A Javier Hernandez goal was enough to give Manchester United victory over Everton as Sir Alex Ferguson’s side put the heavy defeat to Manchester City behind them and kept up the pursuit of their near-neighbours at the top of the Premier League.
Hernandez struck in the first-half to cap an encouraging start by the champions but Everton nearly bounced back with a Leighton Baines free-kick that struck the crossbar and a series of efforts from distance that tested David de Gea. That said, United were never unduly troubled by their hosts and held on to their slim advantage with relative comfort.
United’s back four, with Jonny Evans returned to defence after his red card a week prior, was well-protected by the midfield duo of Tom Cleverly and Darren Fletcher, while Hernandez, Danny Welbeck and Park-Ji Sung made for a lively front three. Wayne Rooney was tasked with playing between the lines but spent much of the game deep in midfield attempting to orchestrate the play.
Everton, without Phil Neville and Tim Cahill, were able to call on Phil Jagielka and Louis Saha who had been doubts ahead of the match. Leon Osman was Saha’s principal support from midfield while Seamus Coleman replaced the suspended Royston Drenthe. Jack Rodwell and Marouane Fellaini took the midfield berths but, Coleman aside, there was far too little dynamism in the Toffees XI to unsettle the visitors’ defence.
Much of Everton’s football was side-to-side and back again, looking in vain for an opportunity to break through and challenge United’s rearguard. United’s players, however, worked so hard that there was little chance of a gap opening up while decent crossing positions were spurned by balls either under or over-hit. Most of Everton’s sights on goal came from turning possession over in dangerous areas, but the eventual shots, bar Rodwell’s second-half drive, came from too far out and with too little power to force de Gea into anymore than a routine save.
United, for much of the match, had Everton on the carousel, as Ferguson famously described his side’s efforts against Barcelona. The neat interplay between the forward players meant that even when defending the lead late on and leaving five players behind the ball at all times, Everton were still worried by the few red shirts amongst a sea of blue. It is the same approach that carved the home side open a few times in the early going.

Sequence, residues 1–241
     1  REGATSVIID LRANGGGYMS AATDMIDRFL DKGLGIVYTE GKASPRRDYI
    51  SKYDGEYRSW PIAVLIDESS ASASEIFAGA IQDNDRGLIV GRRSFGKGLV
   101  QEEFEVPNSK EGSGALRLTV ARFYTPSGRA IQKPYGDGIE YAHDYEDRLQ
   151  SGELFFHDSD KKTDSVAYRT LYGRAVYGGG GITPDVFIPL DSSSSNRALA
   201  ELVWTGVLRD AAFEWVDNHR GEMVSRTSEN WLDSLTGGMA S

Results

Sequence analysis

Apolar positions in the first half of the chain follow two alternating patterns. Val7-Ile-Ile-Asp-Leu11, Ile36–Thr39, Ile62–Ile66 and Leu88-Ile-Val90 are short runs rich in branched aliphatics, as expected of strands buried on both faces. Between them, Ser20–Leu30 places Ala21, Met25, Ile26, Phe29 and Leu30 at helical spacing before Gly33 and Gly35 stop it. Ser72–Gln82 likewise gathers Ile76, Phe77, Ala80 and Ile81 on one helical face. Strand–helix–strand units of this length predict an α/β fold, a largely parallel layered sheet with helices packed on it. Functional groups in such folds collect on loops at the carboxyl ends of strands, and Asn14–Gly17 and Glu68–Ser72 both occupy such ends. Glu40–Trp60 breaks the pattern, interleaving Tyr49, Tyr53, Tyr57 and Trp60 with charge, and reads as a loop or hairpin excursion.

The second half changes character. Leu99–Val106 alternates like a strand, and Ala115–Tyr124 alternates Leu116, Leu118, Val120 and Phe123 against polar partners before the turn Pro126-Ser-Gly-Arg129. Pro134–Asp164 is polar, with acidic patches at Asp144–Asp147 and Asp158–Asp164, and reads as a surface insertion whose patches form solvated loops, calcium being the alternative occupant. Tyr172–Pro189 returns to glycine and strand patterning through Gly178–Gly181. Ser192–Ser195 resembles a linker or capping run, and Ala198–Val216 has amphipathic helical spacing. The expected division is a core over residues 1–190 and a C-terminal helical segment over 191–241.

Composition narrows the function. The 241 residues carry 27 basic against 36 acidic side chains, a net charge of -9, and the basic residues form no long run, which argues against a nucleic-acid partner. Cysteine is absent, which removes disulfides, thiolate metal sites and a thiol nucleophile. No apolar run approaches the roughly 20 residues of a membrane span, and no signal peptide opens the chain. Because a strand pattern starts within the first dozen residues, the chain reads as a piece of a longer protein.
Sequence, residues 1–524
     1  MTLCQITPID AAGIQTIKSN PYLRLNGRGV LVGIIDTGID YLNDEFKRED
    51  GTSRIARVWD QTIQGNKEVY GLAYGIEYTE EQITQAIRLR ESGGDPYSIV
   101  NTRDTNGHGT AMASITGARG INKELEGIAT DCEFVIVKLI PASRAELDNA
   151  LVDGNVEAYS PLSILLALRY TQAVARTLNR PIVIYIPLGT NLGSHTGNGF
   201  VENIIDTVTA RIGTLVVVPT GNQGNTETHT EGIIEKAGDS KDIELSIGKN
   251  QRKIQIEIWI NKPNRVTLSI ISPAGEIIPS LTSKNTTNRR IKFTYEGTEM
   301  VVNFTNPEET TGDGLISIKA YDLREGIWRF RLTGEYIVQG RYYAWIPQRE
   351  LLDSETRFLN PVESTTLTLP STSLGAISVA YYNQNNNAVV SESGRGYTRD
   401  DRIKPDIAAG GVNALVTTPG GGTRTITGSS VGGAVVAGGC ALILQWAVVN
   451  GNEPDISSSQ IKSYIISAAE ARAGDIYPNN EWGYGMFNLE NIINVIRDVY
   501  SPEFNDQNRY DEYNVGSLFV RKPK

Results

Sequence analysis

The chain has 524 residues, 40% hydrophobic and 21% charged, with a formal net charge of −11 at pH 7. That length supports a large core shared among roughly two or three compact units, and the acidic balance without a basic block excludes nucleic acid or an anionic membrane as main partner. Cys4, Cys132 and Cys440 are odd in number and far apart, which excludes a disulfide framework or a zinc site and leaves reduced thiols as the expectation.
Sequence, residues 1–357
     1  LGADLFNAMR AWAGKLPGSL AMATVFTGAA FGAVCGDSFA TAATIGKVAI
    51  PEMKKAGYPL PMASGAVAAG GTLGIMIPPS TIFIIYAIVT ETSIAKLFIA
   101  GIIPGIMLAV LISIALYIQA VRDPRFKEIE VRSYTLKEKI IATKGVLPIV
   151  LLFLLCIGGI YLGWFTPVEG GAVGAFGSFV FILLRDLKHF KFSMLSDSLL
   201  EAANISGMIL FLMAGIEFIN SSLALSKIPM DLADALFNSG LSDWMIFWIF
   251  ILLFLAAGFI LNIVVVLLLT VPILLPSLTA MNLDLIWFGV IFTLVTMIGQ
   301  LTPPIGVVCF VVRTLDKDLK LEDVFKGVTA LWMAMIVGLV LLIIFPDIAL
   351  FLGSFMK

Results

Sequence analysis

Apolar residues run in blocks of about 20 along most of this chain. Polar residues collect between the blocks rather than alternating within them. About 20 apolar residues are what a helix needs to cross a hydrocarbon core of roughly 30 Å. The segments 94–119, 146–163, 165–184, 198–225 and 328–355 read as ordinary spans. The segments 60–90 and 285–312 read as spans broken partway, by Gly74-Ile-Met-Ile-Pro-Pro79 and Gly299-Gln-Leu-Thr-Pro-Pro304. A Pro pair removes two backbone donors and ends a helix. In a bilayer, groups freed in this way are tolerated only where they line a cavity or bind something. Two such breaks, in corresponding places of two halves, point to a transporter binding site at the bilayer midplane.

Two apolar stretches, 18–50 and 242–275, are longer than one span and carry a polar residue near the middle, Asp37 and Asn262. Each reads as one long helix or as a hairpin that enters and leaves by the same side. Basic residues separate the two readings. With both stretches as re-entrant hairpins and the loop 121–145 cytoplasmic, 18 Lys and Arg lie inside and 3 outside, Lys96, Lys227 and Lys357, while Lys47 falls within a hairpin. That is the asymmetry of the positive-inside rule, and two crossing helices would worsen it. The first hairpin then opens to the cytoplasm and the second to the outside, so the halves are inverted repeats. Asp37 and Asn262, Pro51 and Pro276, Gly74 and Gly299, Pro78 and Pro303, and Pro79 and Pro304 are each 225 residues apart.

Once United were in front, however, they did not overtly strain for a second goal; the mindset was more containment than anything else. This was achieved with minimum fuss – only Rodwell’s aforementioned shot from distance that had de Gea diving to parry and a late penalty shout when Patrice Evra barged Magaye Gueye in the kind of coming together that is a foul anywhere else on the field but across the 18-yard line looked like drawing Everton level. For United it was the straightforward victory needed after last week’s horror show, for Everton a timid home defeat that rarely threatened to be much more.
Everton (4-4-1-1): Howard; Hibbert, Jagielka, Heitinga, Baines; Coleman, Rodwell, Fellaini, Bilyaletdinov (Barkley 46); Osman (Vellios 76); Saha (Gueye 84)
Manchester United (4-2-3-1): De Gea; Jones, Evans, Vidic, Evra; Cleverly (Nani 56), Fletcher; Park, Rooney, Welbeck (Valencia 73); Hernandez (Berbatov 66)
Did you know… The combined cost of United’s three substitutes, Berbatov, Nani and Valencia, was around £63m. Everton’s three substitutes, Barkley, Vellios and Gueye, cost less than £1.5m.